A stabilizer housing 50 is disposed on the radial outer surface of the wear section 32 between the guide shoulders 38. The stabilizer housing 50 is of a composite construction which features an elastomeric jacket 52 surrounding a cylindrical stiffening insert 54. The insert 54 is depicted in an exploded view in FIGS. 4 and 5 devoid of the elastomeric jacket 52. As illustrated there, the insert 54 is made up of two mating insert halves 54A and 54B. The insert halves 54A and 54B each include a plurality of perforations 55 which are disposed about the central circumference of the halves 54A and 54B. When the elastomeric material used to form the jacket 52 is molded about the insert halves 54A and 54B, some of the elastomeric material will enter and fill the perforations 55 thereby helping to securely bond the cured jacket 52 to the insert 54.

Structurally, the stabilizer housing 50 consists of a central tubular portion 56 with a plurality of radially outwardly extending blades 58. The central tubular portion 56 is rugged and durable due to the presence of the insert 54. As a result, stripping of the stabilizer housing 50 from the drill pipe 12 is unlikely to occur. In a preferred embodiment, the housing 50 has four blades 58. However, in some cases, it may be desirable to have six or some other number of blades 58. The blades 58 each present a casing-engaging surface 60. In the embodiment shown in FIGS. 1, 2 and 3, the blades 58 are straight and disposed in a parallel relation to the longitudinal axis of the stabilizer housing 50. If desired, the blades of the stabilizer may instead have a spiral configuration, such as the blades 58' on the stabilizer housing 50' depicted in FIG. 6. Indeed, the present invention contemplates that the blades of the stabilizer housing may be of any useful configuration or shape.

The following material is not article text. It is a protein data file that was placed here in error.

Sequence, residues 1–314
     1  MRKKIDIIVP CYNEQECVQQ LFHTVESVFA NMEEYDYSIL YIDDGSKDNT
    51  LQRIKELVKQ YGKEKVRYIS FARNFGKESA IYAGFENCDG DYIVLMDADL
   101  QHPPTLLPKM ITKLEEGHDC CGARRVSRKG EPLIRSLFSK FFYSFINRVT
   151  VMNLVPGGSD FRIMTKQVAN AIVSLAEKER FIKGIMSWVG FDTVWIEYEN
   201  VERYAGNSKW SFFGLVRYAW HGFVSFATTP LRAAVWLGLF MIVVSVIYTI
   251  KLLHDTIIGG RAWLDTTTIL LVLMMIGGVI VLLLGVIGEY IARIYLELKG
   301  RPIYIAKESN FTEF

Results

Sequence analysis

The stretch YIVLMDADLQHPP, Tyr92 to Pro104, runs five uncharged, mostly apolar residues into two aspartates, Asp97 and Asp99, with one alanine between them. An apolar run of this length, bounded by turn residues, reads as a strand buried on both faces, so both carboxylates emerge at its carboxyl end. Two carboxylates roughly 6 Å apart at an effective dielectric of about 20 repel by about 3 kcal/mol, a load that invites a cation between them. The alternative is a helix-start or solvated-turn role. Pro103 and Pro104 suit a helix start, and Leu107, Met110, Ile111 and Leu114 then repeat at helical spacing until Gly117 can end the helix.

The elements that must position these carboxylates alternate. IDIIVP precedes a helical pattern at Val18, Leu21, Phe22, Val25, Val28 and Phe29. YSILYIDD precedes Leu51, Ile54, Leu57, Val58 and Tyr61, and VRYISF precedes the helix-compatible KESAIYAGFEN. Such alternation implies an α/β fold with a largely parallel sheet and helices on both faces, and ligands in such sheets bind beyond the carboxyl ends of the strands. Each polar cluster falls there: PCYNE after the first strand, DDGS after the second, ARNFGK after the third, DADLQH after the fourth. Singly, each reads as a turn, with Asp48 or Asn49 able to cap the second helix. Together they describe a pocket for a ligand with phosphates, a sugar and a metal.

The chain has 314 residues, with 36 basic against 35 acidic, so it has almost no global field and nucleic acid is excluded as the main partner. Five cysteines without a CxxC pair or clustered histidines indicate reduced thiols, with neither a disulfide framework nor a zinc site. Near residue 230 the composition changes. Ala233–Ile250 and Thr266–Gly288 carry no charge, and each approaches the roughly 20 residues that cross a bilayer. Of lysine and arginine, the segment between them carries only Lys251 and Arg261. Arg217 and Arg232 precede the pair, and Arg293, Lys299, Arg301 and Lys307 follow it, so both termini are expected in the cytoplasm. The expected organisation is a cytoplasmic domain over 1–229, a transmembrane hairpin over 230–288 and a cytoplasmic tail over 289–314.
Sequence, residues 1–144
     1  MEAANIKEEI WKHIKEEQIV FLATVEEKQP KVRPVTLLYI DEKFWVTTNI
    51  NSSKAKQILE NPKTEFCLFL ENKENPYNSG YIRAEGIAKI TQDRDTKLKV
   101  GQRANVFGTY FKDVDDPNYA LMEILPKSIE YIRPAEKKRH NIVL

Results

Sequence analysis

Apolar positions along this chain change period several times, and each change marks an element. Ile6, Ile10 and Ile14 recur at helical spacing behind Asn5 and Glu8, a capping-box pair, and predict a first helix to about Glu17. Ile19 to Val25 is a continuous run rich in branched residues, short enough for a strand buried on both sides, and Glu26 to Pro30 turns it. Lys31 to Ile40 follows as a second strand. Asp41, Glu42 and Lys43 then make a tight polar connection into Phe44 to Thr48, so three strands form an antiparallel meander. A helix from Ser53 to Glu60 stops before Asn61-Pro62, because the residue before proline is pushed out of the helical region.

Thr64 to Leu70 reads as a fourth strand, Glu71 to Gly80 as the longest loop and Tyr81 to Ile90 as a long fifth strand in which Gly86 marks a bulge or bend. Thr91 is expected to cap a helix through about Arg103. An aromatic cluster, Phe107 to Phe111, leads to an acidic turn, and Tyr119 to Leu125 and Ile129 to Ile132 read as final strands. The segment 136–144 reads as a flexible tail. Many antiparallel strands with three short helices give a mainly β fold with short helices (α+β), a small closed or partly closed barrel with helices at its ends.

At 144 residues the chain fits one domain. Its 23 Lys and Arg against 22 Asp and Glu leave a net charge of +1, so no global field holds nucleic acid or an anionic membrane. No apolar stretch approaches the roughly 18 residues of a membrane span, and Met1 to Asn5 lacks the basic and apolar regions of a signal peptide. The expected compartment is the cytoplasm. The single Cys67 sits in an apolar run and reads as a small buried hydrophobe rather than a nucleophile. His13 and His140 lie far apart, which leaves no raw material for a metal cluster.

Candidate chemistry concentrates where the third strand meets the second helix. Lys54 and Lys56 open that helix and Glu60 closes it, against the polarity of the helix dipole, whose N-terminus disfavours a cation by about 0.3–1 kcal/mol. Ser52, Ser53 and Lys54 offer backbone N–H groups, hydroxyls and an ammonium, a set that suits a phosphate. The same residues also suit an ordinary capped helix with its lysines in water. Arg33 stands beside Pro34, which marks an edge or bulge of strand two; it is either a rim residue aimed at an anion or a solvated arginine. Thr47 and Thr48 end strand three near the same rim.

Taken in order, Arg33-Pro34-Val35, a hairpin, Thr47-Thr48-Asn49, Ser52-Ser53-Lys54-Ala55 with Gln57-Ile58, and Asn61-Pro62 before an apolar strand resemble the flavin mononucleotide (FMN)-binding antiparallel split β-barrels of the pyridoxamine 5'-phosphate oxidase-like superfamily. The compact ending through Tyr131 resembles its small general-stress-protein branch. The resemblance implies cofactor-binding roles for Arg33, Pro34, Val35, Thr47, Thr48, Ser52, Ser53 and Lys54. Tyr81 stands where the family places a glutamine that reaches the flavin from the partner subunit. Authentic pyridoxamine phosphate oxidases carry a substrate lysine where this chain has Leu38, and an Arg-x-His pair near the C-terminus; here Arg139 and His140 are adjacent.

The stabilizer housing 50 is formed of a pair of mating semicylindrical halves 62, 64. Preferably, the elastomeric jacket 52 is formed of a durable elastomer such as a nitrile-based rubber or urethane. In a presently preferred embodiment, the elastomer has a durometer hardness of 72. As FIG. 1 shows, the halves 62, 64 each have two edges which present a series of protruding fingers 66 that interlace with complimentary fingers 66 of the other half in the overlapping fashion of the pieces of a door hinge. These fingers 66 contain interior channels 67 in the same manner as a door hinge which are aligned when the fingers 66 of the two halves 62, 64 are interlaced. Securing pins 68 (shown in FIG. 1) are disposed through the aligned channels 67 in the same manner as the pintle of a door hinge. In the embodiment depicted in FIG. 1, the securing pin 68 shown is formed of a long shaft 70 having a washer 72 affixed at one axial end of the shaft 70.